Jedediah Johnson’s “The Makeout Project” Turns Kissing Into Art

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Jedediah Johnson, "The Makeout Project." Photo: Jedediah Johnson.
Jedediah Johnson, "The Makeout Project." Photo: Jedediah Johnson.
Jedediah Johnson, "The Makeout Project." Photo: Jedediah Johnson.
Jedediah Johnson, "The Makeout Project." Photo: Jedediah Johnson.
Jedediah Johnson, "The Makeout Project." Photo: Jedediah Johnson.
Jedediah Johnson, "The Makeout Project." Photo: Jedediah Johnson.
Jedediah Johnson, "The Makeout Project." Photo: Jedediah Johnson.
Jedediah Johnson, "The Makeout Project." Photo: Jedediah Johnson.
Jedediah Johnson, "The Makeout Project." Photo: Jedediah Johnson.
Jedediah Johnson, "The Makeout Project." Photo: Jedediah Johnson.
Jedediah Johnson, "The Makeout Project." Photo: Jedediah Johnson.
Jedediah Johnson, "The Makeout Project." Photo: Jedediah Johnson.
Jedediah Johnson, "The Makeout Project." Photo: Jedediah Johnson.
Jedediah Johnson, "The Makeout Project." Photo: Jedediah Johnson.
Jedediah Johnson, "The Makeout Project." Photo: Jedediah Johnson.
Jedediah Johnson, "The Makeout Project." Photo: Jedediah Johnson.

While heart-shaped boxes of chocolates may be on their way out this week, “The Makeout Project,” a show of portraits of people that photographer Jedediah Johnson has kissed, while wearing bright red lipstick, is still on view in Indianapolis.

“I just love people’s faces and photographing them,” Johnson, who has enlisted men, women, and even babies for his project, told the Indy Star. “This isn’t a project about physical attraction. I kiss people because I’m visually attracted to them, so that’s pretty much everyone.”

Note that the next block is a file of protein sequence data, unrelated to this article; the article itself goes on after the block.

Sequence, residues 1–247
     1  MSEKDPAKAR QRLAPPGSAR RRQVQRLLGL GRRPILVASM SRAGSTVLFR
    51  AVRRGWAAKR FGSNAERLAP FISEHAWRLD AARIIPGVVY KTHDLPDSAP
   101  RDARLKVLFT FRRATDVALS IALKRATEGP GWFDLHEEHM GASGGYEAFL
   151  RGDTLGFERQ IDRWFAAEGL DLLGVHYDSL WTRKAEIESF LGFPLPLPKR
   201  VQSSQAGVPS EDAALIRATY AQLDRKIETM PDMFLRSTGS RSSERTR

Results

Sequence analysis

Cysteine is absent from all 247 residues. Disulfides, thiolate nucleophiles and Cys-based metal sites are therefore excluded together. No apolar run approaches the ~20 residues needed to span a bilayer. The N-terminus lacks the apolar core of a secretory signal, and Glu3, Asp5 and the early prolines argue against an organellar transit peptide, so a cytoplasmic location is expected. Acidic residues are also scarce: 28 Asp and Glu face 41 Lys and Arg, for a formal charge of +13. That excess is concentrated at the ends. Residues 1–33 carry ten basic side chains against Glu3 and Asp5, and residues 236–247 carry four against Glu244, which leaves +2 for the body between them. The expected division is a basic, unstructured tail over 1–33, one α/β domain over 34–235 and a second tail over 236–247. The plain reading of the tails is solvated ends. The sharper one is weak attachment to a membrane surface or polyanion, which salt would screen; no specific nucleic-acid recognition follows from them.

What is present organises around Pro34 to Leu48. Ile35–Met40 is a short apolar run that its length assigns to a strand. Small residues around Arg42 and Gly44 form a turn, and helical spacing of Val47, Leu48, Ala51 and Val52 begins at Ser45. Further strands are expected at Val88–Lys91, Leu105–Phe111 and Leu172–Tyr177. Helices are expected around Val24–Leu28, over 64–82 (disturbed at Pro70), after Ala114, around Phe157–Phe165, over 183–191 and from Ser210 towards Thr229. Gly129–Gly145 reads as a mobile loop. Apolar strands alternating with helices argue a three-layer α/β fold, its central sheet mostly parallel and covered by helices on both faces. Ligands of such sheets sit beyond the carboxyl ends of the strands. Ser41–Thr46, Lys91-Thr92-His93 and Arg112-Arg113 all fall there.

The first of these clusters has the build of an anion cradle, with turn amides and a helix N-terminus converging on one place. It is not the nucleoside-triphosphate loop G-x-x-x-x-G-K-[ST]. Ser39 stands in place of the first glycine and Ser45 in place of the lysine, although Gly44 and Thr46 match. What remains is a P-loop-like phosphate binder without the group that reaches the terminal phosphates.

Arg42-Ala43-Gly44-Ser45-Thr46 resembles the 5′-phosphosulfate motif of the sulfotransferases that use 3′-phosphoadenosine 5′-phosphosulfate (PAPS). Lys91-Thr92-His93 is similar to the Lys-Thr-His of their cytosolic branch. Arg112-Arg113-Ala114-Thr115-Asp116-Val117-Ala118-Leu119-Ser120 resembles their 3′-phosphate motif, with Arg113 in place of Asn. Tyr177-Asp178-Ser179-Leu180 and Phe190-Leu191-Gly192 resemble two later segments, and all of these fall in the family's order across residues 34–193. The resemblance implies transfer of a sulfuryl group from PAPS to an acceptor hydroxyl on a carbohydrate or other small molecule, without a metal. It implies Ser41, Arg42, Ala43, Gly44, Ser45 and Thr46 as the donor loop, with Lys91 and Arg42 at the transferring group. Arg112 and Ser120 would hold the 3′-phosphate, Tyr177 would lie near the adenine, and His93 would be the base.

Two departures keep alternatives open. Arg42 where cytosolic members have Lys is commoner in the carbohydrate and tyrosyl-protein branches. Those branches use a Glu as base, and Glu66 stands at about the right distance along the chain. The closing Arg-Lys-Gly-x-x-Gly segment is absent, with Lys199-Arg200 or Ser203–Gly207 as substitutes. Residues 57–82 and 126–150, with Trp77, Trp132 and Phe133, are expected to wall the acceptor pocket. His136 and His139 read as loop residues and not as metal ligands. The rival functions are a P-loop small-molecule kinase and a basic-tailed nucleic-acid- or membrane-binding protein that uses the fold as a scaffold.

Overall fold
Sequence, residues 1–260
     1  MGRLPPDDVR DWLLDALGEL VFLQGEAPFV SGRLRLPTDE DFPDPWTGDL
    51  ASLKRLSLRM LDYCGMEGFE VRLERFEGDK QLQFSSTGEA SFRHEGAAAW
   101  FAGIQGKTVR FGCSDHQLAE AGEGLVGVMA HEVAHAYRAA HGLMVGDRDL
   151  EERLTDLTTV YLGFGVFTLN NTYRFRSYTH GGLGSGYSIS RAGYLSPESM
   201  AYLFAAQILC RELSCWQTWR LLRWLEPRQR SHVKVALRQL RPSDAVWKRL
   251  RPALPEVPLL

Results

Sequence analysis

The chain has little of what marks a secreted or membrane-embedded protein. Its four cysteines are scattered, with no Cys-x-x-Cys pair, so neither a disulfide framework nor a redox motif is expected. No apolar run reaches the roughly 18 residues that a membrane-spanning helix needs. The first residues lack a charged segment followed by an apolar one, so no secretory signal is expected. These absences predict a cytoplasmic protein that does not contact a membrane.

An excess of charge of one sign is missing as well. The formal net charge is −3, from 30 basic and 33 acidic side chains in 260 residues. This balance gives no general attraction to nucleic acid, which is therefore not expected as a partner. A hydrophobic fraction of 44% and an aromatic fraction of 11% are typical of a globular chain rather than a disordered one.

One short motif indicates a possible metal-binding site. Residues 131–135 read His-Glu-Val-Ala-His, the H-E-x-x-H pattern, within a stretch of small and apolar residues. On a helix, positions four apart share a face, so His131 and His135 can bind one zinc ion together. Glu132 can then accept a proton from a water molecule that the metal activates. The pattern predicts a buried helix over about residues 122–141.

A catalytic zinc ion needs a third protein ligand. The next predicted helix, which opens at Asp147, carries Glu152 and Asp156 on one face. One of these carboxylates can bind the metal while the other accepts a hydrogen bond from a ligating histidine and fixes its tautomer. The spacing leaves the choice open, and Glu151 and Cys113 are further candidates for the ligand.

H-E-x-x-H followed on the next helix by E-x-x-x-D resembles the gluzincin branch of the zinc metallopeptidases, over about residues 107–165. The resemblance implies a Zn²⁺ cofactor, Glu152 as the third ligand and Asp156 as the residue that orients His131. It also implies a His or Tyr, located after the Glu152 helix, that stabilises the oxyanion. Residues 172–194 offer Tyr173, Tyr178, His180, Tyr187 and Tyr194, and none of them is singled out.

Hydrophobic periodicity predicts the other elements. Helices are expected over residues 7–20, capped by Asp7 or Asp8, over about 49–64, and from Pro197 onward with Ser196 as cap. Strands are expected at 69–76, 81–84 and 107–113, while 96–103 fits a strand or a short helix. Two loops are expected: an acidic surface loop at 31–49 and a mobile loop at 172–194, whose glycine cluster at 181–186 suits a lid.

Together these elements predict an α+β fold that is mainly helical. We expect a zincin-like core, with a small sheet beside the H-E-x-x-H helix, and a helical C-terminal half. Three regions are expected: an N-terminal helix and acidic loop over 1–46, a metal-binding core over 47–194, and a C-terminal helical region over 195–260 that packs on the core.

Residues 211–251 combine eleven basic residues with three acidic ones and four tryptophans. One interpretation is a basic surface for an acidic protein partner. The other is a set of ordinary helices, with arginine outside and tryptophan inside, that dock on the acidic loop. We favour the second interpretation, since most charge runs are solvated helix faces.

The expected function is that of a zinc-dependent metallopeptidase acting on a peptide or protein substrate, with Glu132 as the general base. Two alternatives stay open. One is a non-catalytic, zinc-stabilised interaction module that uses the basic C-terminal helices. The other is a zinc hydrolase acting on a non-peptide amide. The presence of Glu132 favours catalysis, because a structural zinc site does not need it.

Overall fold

The resulting photos are undeniably amusing: their faces smeared with Cover Girl Hot Passion Red lipstick, Johnson’s subjects stare wide-eyed into the camera. Their bewilderment and mussed makeup, the photographer’s hand resting gently on their neck, serve as the only evidence of the intimate encounter.

“I’d like for people to look at the pictures and develop their own narrative for what is happening,” Johnson explained. “I want them to come up with their own stories and imagine what the kissing was like. I just want people to experience it.”

Johnson’s photo series first attracted attention last year, thanks to exhibition at at the Art Museo gallery at the InterContinental Chicago O’Hare hotel. The artist used to have to awkwardly ask people to take part in the project, with minimal success: “You cannot walk up to somebody wearing lipstick and ask them if you can kiss them. They will say no 90 percent of the time,” he told DNA Info. Now, Johnson enjoys the luxury of a surfeit of volunteers—if you want to make out in the name out art, you’re going to have to get an appointment.

Jedediah Johnson’s “The Makeout Project” is on view at Indianapolis’s A.M. Gallery through February 19.


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